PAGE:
Everybody loves traveling and discovering new places. The only difference is the extent of our travels – some go to exotic places far away from home whereas others prefer a quiet drive to a nice place that’s not too far away from home. No matter what type of traveler you are, I’m sure we all have one thing in common. We love taking travel photos. Now, it doesn’t really matter whether you use your iPhone camera or carry a dSLR with you. In this article I’ll give you three simple tips that will help you turn snapshots into beautiful photos that deserve to be printed.
1. Try to Capture Your Feelings and the Spirit of the Place
Go on, have a look at the photos from your last trip. You’ll see that most of them are snapshots of something insignificant and meaningless. I’m sure you’re staring at some thinking: “Why did I take this photo?”. Photos like this usually happen when you are frantically pressing the shutter release button just to capture the place and to tell your friends that you’ve been there. These photos have no emotion – they don’t express your feelings and neither do they capture the spirit of the place.
When you are taking a photo of something, don’t do it in a hurry. Look at the subject and try to understand what sort of emotions it triggers. Try to look at it from different angles and try to find just the right spot that allows you to see your subject in a unique way. Your subject doesn’t always have to be something spectacular. Often a simple rock on a beach makes a memorable photo.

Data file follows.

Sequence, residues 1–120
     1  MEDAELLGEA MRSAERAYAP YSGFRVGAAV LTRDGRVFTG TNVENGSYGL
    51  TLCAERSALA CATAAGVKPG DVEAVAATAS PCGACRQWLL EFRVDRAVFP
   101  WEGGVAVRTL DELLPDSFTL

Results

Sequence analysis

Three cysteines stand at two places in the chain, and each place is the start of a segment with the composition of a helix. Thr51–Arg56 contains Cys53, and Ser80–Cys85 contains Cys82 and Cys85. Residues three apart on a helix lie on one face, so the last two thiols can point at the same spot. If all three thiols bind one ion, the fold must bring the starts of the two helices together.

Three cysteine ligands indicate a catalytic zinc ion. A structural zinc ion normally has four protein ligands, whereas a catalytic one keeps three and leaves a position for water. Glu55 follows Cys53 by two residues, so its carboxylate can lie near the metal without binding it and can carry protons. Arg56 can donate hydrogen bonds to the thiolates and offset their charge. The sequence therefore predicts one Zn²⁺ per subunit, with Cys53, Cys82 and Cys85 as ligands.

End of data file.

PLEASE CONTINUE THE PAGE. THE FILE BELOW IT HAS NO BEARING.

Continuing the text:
2. Don’t Let Your Stuff Drag You Down
Fumbling for your camera, balancing your bag on your arm when trying to take a photo with your phone, carrying lots of heavy equipment… The list goes on, but I’m sure all this sounds familiar. Carrying too much stuff with you doesn’t help you take great photos. So try to cut it to the minimum or at least use a bag that doesn’t get in the way (a lightweight backpack usually does the trick). If you are a dSLR user, try to cut your equipment to this minimum:
- Your dSLR
- Your main lens + a wide-angle lens for landscape photography (if you use one)
- A polarizing filter
- A cloth to clean the lens
- A lightweight, yet sturdy tripod
- A backup battery
- An extra memory card
- A waterproof backpack to carry all that
Don’t bring stuff that you won’t use just because it’s already in your bag. Take it out and enjoy more freedom.
3. Look for Unique Places and Subjects
When you travel to popular locations, you need to keep in mind that thousands of others visit them too. For your photography, this means that the scene will often be crowded and that lots of people will take very similar photos. But the world is filled with places I call “hidden gems”. Don’t miss them on your travels and you’ll return with lots of beautiful and unique photos.